What is Financial Aid? – GradPlan

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What is Financial Aid?

Learn about the financial aid options available to you

Money for College

Financial aid is money provided to you to help pay for your education after high school. You have to apply for aid through the Free Application for Student Aid (FAFSA), through your state government, or through outside sources, such as your college, businesses, or charitable organizations.

This resource page is designed to provide you with a basic understanding of the different types of financial aid. For questions which are more specific to your needs, make an appointment to see a Financial Aid Advisor on your campus.


Types of Federal Aid

Free Money

Based on Need
No need to Repay

Borrowed Money

Must be Repaid
with Interest $

Work Study
Earned Money

A Job
while in School

What are Grants?

A Grant is FREE money often awarded to you from the federal government through your FAFSA application. In most states, there is also a state-based application available to residents and those who may not be eligible for FAFSA. Make sure to check with your college advisor to see what’s available to you.

Grants can also come from your college, private businesses, and foundations. In order to receive grants from private businesses and foundations, you’ll need to apply directly with that company or organization.

This is the first and best type of aid and they come in many types:

Federal Grant

Example – Pell grant

University Grant

Example – From the College

State Grant

Example – Illinois MAP grant

Foundation Grant

Example – National Science Foundation Grant

What are Scholarships?

A Scholarship is free money awarded to you from colleges, private businesses, or foundations based on financial need or “merit.” Most scholarships have an application process, while other scholarships are gifted by a college or university for academic, athletic or artistic achievement, or for financial need.

Merit-based Scholarships

Based on academic, athletic, or artistic performance

Need-based Scholarships

Considers your household income and expenses

Did you know?

There are also scholarships for underrepresented groups and DREAMers, as well as activity-based awards that honor students for their extracurricular hobbies or experiences, like bowling, photography and cooking. Some Scholarships can even be won by writing an essay, or winning a contest. You can find upcoming scholarships here.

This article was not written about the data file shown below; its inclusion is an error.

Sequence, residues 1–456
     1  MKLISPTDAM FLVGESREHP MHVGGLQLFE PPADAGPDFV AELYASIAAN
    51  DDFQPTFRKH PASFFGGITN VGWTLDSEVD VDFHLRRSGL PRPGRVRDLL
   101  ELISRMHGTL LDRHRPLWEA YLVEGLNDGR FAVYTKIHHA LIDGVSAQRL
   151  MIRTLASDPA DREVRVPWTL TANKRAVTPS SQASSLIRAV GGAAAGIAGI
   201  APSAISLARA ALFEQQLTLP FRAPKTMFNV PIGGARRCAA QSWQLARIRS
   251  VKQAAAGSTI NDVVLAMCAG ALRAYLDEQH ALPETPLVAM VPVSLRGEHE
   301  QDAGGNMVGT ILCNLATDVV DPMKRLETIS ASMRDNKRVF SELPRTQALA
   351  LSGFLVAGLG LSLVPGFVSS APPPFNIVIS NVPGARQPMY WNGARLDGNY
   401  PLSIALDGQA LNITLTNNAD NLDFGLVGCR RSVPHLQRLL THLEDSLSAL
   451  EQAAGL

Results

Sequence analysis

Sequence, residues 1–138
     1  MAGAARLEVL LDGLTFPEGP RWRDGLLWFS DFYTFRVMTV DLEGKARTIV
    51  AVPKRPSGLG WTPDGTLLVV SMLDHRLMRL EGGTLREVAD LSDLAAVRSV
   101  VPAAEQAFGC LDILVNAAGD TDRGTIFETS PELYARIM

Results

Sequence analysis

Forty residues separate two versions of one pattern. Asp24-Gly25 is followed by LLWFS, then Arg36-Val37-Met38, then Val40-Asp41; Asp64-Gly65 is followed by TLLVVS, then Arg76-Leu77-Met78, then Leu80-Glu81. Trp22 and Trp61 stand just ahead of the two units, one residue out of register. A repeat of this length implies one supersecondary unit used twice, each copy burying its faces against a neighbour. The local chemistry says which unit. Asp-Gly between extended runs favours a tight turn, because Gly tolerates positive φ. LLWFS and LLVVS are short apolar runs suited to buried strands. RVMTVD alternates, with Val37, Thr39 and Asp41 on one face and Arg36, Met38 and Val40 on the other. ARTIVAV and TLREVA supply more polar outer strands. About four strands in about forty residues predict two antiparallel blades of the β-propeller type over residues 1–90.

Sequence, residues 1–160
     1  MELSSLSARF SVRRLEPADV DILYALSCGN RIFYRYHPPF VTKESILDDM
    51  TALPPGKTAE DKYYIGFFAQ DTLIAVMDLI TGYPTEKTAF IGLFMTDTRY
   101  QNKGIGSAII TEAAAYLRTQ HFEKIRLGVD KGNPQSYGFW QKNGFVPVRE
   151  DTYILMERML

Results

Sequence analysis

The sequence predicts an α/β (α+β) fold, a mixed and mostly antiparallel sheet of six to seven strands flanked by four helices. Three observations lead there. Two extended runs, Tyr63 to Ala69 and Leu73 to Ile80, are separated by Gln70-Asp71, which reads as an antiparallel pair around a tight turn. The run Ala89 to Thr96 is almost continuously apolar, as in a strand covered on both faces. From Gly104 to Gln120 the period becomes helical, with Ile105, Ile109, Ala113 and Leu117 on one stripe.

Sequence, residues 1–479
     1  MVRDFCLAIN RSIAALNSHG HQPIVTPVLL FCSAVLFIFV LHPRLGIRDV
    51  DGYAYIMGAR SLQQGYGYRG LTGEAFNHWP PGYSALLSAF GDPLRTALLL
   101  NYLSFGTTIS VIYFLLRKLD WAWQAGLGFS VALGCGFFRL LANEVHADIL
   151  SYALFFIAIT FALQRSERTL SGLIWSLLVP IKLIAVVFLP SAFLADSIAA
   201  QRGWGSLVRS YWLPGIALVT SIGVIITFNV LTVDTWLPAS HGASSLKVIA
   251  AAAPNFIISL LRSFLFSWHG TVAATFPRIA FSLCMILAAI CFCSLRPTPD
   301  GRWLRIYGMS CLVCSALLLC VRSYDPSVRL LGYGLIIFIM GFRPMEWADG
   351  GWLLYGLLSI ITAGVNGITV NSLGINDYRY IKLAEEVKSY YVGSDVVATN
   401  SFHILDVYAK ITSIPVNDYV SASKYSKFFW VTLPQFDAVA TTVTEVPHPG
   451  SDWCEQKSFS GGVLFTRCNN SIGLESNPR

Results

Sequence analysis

What is a Student Loan?

A Student Loan is an agreement to receive money for college now (usually from the government or a bank), which you will pay back after you graduate or stop going to school. The catch is that you have to pay interest on what you borrow. Interest is money you have to pay in addition to the money you borrowed. The amount of money you end up paying for interest is based on the loan’s interest rate, and how long it takes you to pay off the loan.

Interest rates are charged as a percentage of the total amount you borrow (3%, 5%, 10%, etc.) and they differ from program to program, so read closely before agreeing to the loan!

Here’s an example of how interest works:

Janice borrows $5,000 from the bank for college.


The bank charges Janice 5% interest on the loan and gives her 5 years to pay it back.

+ 5% 

5 years after graduation Janice pays off the loan, but the total she pays is $5,661 due to interest.

 5,000 x 0.5 = $5,661

Did you know?

When you submit your FAFSA, you will automatically be considered for federal student loans, based on need. You do not have to accept these if you don’t want to. Just make sure you have a plan to pay for college without loan money, if that’s what you decide to do.

With all this talk about student loan forgiveness lately, we wish we could tell you that whatever loan you take will be forgiven, but there is no certainty about what will happen there. So protect your credit by paying off any student loans you take.

What is Work Study?

Work-study programs allow you to work while you are enrolled in classes. Work-study jobs are usually on-campus so employers are more understanding of your student schedule. No experience is necessary for most jobs on-campus, and you can sign up for Work Study by checking the YES box on your FAFSA that says, “Are you interested in Federal Work Study?”

Did You Know?

If you are awarded work-study funding, you do not automatically get these funds. You must apply for and obtain a work-study job, and work the hours assigned at that job. Work-study is different from other types of financial aid because you don’t get it all at once, but rather as you earn it.

Also, work-study approval is only good for one academic year, so you will have to reapply every year through your FAFSA if you wish to continue.

Now that you know more about the types of financial aid and how to apply, you can find the applications that best match you and be on your way to funding your education!

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Financial Aid

"Education is the passport to the future, for tomorrow belongs to those who prepare for it today."

Malcolm X, human rights activist